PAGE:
# MYTHBUSTERS 4/27: "Bubble Trouble"

Discussion in 'TV & Media' started by Christopher, Apr 28, 2011.

Joined:
Mar 15, 2001
Sorry I'm slightly late with this. I got caught up in writing this evening, so I took advantage of my new DVR and recorded the show to watch an hour or so later. Having a DVR is pretty cool.

Bubble Trouble: An interesting one, but rather simple to cover. The myth is that you can't swim in bubbly water because the lower density makes you sink. All three phases of the test were basically variations on the same principle -- you got the bubbles, but they pushed the swimmer up rather than making him sink. And it's interesting how that works. It goes to show the dangers of not considering all the aspects of a process. If you just think about the interaction of the bubbly water and the swimmer, the logic seems simple -- aeration of the water means the water's density is lower, and all else being equal, a lower-density medium creates less buoyancy. But the key factor being overlooked there is the interaction of the bubbly water with the water around it. Since the aerated water has lower density than the water around it, its own buoyancy increases, causing it to rise and create a convection current. So rather than sinking, the swimmer is pushed up. So it was that overly narrow focus on the interaction between swimmer and aerated water that overlooks the consequences of how the aerated water interacts with its larger context.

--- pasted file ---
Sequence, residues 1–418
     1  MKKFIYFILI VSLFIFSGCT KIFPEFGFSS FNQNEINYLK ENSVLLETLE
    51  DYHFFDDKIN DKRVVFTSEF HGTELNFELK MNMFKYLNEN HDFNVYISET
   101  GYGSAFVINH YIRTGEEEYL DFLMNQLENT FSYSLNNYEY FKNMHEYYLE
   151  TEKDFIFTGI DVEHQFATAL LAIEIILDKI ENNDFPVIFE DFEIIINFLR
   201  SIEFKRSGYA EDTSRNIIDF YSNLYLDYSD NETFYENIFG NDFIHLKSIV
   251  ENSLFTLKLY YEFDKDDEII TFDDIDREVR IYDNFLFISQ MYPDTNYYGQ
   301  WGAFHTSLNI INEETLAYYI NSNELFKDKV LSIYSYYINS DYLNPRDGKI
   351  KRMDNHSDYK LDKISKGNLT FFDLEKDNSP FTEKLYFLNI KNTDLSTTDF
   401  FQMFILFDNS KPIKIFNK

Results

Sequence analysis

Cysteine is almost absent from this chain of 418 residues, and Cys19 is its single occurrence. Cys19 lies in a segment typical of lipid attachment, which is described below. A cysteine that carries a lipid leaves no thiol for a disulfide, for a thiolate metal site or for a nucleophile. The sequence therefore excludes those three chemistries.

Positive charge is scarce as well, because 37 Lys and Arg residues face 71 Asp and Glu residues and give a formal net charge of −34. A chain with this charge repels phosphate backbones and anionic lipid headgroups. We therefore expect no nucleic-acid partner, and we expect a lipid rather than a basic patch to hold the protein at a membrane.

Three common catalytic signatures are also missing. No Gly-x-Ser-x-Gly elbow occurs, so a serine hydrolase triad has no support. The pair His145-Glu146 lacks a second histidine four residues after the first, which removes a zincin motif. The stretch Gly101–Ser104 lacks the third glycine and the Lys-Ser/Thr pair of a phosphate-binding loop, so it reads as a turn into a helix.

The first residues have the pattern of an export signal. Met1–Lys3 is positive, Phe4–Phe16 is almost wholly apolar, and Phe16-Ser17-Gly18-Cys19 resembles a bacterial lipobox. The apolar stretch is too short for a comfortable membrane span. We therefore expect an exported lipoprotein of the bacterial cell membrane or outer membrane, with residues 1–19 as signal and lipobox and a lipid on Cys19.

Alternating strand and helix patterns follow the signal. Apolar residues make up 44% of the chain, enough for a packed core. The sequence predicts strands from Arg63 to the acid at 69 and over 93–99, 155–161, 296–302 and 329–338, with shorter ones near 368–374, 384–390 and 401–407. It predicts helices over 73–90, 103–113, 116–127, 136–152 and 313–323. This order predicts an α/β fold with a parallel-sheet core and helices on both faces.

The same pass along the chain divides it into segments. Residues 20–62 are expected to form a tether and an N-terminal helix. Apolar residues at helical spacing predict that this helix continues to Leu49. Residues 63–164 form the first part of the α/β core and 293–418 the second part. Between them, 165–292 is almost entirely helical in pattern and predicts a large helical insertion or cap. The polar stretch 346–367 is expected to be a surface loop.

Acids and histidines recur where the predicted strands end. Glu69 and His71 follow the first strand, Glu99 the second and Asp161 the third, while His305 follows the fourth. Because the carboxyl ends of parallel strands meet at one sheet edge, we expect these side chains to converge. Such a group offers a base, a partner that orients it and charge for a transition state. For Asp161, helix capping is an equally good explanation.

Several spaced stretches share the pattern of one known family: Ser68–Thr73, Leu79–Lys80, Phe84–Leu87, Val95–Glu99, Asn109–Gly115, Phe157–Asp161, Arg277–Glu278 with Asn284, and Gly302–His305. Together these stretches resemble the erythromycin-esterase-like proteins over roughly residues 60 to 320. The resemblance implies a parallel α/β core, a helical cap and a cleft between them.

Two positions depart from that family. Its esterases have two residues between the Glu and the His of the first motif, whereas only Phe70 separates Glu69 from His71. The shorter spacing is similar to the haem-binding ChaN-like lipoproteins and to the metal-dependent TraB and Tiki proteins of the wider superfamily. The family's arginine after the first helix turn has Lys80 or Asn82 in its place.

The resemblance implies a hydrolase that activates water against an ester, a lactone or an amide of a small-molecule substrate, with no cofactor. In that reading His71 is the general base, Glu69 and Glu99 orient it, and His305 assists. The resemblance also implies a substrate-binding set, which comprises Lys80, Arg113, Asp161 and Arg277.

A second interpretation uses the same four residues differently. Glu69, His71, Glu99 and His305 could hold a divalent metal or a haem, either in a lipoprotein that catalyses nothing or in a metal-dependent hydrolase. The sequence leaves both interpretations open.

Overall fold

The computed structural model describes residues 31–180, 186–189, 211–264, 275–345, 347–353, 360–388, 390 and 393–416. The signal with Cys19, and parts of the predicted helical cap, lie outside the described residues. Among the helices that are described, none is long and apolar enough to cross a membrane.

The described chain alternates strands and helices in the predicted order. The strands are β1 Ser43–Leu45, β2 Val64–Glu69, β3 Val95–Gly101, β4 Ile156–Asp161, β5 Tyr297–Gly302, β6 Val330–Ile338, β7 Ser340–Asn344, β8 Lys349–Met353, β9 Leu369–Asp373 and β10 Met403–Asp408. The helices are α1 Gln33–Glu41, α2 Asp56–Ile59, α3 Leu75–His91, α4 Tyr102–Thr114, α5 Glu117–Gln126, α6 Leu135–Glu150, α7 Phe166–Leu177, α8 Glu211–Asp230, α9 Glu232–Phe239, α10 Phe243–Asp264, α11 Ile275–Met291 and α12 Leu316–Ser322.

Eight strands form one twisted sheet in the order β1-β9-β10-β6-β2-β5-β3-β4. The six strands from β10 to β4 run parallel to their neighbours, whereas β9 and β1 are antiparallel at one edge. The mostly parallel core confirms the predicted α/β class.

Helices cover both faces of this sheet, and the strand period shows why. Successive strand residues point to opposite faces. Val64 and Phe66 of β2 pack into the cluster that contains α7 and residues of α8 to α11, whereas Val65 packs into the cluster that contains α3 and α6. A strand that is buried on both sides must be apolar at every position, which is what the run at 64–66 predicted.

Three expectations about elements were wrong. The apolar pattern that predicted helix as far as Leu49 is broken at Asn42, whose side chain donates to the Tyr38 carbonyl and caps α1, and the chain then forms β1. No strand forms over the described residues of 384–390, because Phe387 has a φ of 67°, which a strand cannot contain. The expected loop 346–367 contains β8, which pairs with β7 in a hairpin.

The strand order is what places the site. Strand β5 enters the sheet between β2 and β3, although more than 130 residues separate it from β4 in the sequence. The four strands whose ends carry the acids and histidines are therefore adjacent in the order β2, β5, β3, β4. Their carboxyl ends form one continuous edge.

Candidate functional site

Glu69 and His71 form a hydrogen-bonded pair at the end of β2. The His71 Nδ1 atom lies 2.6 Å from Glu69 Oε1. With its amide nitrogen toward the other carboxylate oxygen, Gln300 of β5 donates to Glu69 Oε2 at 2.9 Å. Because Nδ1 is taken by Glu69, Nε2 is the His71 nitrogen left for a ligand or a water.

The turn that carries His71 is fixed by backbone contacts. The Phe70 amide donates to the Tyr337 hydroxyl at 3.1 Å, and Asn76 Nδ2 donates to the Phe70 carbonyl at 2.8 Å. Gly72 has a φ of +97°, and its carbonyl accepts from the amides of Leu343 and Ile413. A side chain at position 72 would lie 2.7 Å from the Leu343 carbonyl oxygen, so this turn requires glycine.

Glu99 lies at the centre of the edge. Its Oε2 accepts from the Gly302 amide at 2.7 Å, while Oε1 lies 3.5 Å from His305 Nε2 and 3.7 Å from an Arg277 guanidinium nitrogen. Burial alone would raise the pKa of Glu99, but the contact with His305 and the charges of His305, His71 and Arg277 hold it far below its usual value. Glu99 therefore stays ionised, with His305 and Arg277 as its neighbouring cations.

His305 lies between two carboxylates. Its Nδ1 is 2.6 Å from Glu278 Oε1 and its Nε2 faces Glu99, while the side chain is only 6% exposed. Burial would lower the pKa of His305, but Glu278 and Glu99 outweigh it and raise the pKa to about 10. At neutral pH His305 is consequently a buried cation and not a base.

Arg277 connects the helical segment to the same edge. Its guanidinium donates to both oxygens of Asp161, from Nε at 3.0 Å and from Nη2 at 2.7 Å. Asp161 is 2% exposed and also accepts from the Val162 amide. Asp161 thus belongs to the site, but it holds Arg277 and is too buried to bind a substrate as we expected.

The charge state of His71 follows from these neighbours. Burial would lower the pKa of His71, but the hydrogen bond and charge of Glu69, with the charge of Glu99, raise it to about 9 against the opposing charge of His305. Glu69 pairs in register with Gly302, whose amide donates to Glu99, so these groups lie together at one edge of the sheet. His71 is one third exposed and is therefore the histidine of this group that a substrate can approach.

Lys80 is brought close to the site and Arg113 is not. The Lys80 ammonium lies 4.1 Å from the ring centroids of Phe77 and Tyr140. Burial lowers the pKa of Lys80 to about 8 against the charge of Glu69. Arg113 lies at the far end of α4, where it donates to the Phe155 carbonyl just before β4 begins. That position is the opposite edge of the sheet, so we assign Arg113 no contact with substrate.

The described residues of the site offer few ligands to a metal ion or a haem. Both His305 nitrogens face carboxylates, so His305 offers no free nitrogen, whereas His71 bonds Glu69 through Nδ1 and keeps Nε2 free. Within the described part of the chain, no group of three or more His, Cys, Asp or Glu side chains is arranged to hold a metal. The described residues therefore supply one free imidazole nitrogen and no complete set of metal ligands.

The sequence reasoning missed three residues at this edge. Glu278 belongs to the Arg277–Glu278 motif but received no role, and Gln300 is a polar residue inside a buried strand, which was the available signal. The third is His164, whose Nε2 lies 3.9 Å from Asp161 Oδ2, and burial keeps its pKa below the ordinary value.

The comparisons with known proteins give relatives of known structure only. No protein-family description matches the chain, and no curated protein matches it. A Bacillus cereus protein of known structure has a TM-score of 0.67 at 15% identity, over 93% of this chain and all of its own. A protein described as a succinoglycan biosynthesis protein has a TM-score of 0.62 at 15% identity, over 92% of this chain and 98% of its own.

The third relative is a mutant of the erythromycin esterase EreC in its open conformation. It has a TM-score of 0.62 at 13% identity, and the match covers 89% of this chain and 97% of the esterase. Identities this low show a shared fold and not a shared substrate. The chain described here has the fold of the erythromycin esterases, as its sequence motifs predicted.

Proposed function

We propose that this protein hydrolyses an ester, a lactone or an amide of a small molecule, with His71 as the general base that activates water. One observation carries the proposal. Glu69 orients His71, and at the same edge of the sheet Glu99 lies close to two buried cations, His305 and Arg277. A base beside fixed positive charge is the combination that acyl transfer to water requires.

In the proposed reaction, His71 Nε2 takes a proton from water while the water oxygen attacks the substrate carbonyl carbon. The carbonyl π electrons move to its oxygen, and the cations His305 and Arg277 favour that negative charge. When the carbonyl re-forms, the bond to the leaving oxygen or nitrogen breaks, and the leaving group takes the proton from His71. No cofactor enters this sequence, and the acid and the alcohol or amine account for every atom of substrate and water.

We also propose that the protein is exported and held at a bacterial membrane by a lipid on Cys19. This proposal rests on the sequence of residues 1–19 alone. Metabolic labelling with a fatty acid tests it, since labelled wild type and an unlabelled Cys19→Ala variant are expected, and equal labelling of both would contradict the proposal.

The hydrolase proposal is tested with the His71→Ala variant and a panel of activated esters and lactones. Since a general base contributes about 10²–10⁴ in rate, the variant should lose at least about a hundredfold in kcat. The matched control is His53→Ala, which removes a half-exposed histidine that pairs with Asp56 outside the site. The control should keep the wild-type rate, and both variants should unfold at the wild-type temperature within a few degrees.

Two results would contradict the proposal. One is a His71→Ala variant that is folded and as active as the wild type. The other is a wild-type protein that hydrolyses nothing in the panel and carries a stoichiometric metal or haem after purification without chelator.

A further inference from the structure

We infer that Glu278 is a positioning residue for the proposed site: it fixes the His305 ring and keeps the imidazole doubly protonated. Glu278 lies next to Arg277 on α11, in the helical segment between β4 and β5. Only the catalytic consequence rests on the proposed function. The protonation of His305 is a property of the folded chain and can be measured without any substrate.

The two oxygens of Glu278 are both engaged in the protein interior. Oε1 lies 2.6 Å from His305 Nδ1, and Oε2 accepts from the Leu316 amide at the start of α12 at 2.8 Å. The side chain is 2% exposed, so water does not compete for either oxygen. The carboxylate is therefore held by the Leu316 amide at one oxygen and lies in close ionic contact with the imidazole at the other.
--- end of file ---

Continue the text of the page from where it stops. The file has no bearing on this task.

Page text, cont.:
I'm not sure if there's a way around that, a way to get all the water in the tank or pool equally less dense so that there's no convection. Maybe some kind of laminar airflow, the entire bottom surface of the pool emitting gazillions of teeny bubbles so there's no room for any denser water to sink. Probably all but unattainable in practice.

But I have to say, Jamie's canvas-bag bubble generator was a great idea. As they said on The Middleman, his plan was sheer elegance in its simplicity (and he's not even a supervillain -- that we know of).